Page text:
Fludarabine exposure predicts outcome after CD19 CAR T-cell therapy in children and young adults with acute leukemia

Linde Dekker, Friso G Calkoen, Yilin Jiang, Hilly Blok, Saskia R Veldkamp, Coco De Koning, Maike Spoon, Rick Admiraal, Peter Hoogerbrugge, Britta Vormoor, H Josef Vormoor, Henk Visscher, Marc Bierings, Marieke Van Der Vlugt, Harm Van Tinteren, A Laura Nijstad, Alwin D R Huitema, Kim C M Van Der Elst, Rob Pieters, Caroline A LindemansStefan Nierkens

Onderzoeksoutput: Bijdrage aan tijdschriftArtikelpeer review

31 Citaten (Scopus)


The addition of fludarabine to cyclophosphamide as a lymphodepleting regimen prior to CD19 chimeric antigen receptor (CAR) T-cell therapy significantly improved outcomes in patients with relapsed/refractory (r/r) B-cell acute lymphoblastic leukemia (B-ALL). Fludarabine exposure, previously shown to be highly variable when dosing is based on body surface area (BSA), is a predictor for survival in allogeneic hematopoietic cell transplantation (allo-HCT). Hence, we hypothesized that an optimal exposure of fludarabine might be of clinical importance in CD19 CAR T-cell treatment. We examined the effect of cumulative fludarabine exposure during lymphodepletion, defined as concentration-time curve (AUC), on clinical outcome and lymphocyte kinetics. A retrospective analysis was conducted with data from 26 patients receiving tisagenlecleucel for r/r B-ALL. Exposure of fludarabine was shown to be a predictor for leukemia-free survival (LFS), B-cell aplasia, and CD19-positive relapse following CAR T-cell infusion. Minimal event probability was observed at a cumulative fludarabine AUCT021 $14 mg*h/L, and underexposure was defined as an AUCT021 ,14 mg*h/L. In the underexposed group, the median LFS was 1.8 months, and the occurrence of CD19-positive relapse within 1 year was 100%, which was higher compared with the group with an AUCT021 $14 mg*h/L (12.9 months; P, .001; and 27.4%; P 5 .0001, respectively). Furthermore, the duration of B-cell aplasia within 6 months was shorter in the underexposed group (77.3% vs 37.3%; P 5 .009). These results suggest that optimizing fludarabine exposure may have a relevant impact on LFS following CAR T-cell therapy, which needs to be validated in a prospective clinical trial.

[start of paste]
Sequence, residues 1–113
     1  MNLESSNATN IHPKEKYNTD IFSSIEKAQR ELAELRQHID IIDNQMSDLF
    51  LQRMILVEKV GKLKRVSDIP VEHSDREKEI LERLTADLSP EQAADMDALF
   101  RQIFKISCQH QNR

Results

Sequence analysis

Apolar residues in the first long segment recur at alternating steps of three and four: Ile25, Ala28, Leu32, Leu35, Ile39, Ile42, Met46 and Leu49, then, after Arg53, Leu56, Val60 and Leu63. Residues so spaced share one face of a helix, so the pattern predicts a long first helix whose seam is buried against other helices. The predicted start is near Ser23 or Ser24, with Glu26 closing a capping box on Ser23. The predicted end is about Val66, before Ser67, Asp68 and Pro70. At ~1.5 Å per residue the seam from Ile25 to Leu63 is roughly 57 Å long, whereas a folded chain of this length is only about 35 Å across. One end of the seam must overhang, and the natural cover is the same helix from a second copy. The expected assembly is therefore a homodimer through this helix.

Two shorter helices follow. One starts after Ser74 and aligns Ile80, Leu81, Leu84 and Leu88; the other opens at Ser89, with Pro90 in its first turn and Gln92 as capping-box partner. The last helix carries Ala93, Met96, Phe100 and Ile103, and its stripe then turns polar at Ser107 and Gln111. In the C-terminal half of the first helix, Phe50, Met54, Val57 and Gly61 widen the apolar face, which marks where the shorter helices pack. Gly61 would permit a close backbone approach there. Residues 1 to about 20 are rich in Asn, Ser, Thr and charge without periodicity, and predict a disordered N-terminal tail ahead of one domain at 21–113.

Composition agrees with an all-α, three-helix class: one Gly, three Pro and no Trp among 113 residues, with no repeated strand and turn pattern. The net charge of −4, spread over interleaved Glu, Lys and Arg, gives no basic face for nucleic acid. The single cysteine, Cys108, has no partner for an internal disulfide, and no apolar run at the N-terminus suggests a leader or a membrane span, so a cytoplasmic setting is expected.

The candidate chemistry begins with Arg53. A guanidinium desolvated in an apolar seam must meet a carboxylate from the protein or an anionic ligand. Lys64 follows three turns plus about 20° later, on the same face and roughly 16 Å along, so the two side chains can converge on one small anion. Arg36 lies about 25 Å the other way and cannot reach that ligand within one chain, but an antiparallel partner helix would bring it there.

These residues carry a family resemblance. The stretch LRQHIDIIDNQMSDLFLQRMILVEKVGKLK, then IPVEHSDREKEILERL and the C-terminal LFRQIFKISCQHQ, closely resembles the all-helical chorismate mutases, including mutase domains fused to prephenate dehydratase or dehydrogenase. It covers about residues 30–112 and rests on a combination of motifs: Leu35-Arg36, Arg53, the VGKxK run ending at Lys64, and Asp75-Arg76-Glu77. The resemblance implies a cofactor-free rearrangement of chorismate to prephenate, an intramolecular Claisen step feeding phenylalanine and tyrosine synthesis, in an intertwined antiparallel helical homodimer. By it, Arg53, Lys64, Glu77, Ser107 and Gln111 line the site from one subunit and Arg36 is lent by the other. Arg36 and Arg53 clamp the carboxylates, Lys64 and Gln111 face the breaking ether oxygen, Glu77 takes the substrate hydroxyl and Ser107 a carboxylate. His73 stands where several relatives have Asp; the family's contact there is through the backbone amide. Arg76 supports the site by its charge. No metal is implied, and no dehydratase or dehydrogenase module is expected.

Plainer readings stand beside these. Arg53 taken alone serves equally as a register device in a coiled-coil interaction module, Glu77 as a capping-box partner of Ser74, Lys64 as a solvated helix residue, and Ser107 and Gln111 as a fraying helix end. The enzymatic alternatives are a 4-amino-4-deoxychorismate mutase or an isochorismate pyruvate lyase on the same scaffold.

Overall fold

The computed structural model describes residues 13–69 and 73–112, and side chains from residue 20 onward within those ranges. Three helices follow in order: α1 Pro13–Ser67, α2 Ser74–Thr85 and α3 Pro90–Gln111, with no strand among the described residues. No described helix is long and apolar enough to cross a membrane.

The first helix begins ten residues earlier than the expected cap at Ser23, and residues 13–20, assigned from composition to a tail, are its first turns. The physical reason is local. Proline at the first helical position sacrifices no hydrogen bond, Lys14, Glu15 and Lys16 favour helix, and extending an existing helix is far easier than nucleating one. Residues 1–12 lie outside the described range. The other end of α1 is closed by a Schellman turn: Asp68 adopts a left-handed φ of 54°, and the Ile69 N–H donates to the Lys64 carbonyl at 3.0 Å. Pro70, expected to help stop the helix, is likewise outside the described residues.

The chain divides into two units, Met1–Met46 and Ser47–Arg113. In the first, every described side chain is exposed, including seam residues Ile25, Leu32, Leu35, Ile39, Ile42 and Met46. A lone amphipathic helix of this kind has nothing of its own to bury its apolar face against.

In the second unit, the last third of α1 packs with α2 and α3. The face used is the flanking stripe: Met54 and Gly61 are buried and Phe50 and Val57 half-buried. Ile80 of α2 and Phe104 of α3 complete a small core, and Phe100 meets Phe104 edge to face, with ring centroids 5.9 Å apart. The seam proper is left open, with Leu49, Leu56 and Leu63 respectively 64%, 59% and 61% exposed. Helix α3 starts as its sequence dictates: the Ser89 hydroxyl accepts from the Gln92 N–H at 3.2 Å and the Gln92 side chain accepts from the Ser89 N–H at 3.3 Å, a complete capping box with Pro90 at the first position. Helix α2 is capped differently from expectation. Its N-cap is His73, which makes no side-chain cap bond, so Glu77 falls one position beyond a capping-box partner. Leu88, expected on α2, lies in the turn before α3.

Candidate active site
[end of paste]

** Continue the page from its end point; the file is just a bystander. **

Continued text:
Originele taal-2Engels
Pagina's (van-tot)1969-1976
Aantal pagina's8
TijdschriftBlood advances
Nummer van het tijdschrift7
StatusGepubliceerd - 12 apr. 2022


Duik in de onderzoeksthema's van 'Fludarabine exposure predicts outcome after CD19 CAR T-cell therapy in children and young adults with acute leukemia'. Samen vormen ze een unieke vingerafdruk.

Citeer dit